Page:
In addition to being toxic work environments where hazing and bullying are the norm, this could explain a lot of the breakdown in job satisfaction. I frankly have little doubt that most understand this is tripe but do it anyway because it's what demanded of them.
     
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  4. spinoza577

    spinoza577 Senior Member (Voting Rights)

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    FCD
    hope they find a way to treat it
     
  5. spinoza577

    spinoza577 Senior Member (Voting Rights)

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    I think rote may actually the core of learning any medicine, and then the doctors simply are applying it. I even can understand that doctors don´t want to step away from what they have learned and what they can do without getting criticized from the whole machinery. Sadly so far there is not much sense in the minds.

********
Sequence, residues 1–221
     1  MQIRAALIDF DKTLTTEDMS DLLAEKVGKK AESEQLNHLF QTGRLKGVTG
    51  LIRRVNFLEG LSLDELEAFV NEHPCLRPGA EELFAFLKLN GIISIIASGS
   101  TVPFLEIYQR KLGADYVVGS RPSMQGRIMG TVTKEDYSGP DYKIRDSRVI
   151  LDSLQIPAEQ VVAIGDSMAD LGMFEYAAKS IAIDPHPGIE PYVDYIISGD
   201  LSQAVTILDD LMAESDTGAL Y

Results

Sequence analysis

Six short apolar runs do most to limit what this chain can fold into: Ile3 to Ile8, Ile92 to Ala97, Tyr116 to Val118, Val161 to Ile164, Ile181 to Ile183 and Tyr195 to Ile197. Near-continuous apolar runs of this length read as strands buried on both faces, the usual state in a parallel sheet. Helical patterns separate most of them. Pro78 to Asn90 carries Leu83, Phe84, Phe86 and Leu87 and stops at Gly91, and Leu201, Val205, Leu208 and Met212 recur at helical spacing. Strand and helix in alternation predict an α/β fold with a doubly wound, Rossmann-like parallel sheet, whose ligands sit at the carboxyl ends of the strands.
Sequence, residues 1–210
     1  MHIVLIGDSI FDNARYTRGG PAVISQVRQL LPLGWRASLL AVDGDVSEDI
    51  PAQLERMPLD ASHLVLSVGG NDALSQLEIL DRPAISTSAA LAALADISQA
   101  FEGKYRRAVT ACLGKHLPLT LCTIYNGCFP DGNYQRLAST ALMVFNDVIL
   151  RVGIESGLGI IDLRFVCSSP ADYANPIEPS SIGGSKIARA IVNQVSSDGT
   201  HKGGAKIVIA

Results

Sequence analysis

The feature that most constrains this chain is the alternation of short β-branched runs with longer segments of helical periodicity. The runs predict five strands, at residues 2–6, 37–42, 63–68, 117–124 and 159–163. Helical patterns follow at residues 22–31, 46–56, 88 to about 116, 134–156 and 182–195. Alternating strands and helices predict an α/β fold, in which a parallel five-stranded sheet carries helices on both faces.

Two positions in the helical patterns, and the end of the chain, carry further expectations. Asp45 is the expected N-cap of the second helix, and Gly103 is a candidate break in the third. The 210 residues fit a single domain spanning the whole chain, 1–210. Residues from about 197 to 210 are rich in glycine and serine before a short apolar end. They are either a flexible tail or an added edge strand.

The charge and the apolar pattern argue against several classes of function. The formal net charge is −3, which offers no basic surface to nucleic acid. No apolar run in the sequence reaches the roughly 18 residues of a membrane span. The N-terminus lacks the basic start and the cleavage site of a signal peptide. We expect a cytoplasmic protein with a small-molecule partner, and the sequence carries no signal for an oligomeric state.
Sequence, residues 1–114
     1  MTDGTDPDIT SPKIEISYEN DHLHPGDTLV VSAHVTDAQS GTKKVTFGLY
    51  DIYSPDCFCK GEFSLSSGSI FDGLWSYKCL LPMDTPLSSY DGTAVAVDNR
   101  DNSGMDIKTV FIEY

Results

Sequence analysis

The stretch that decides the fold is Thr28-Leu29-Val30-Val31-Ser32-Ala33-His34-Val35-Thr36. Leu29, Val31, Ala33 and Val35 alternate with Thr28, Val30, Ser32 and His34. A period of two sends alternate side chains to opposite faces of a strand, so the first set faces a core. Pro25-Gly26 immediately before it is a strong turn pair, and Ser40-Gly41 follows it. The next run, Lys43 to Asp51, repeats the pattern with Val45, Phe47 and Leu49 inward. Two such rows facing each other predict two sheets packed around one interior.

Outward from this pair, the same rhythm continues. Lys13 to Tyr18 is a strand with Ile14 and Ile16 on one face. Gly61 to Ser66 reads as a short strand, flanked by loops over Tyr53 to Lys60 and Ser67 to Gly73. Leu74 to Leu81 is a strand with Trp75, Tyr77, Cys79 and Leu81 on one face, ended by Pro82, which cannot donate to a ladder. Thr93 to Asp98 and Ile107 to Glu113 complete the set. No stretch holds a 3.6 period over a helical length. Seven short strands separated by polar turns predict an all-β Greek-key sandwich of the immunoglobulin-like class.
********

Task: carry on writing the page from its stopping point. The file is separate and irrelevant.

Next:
So I think this:
    might be half true. But it does not help the patients whose disease is not understood nevertheless. It actually may be that the imagination (including the imagination of success and meaning) exceeds the really productive fantasy. Ironically, they are working on the diagnosis of themselves.
     
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  6. rvallee

    rvallee Senior Member (Voting Rights)

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    That's one of the most annoying contradictions to this belief system, that we are both too young to be this sick but also it is normal to have crippling reduction in cognitive and physical ability the second you hit 20 and any recall of a normal functioning memory is just rosily remembering our youth when our memories are at peak performance, or something like that, even though this is not how any of this works.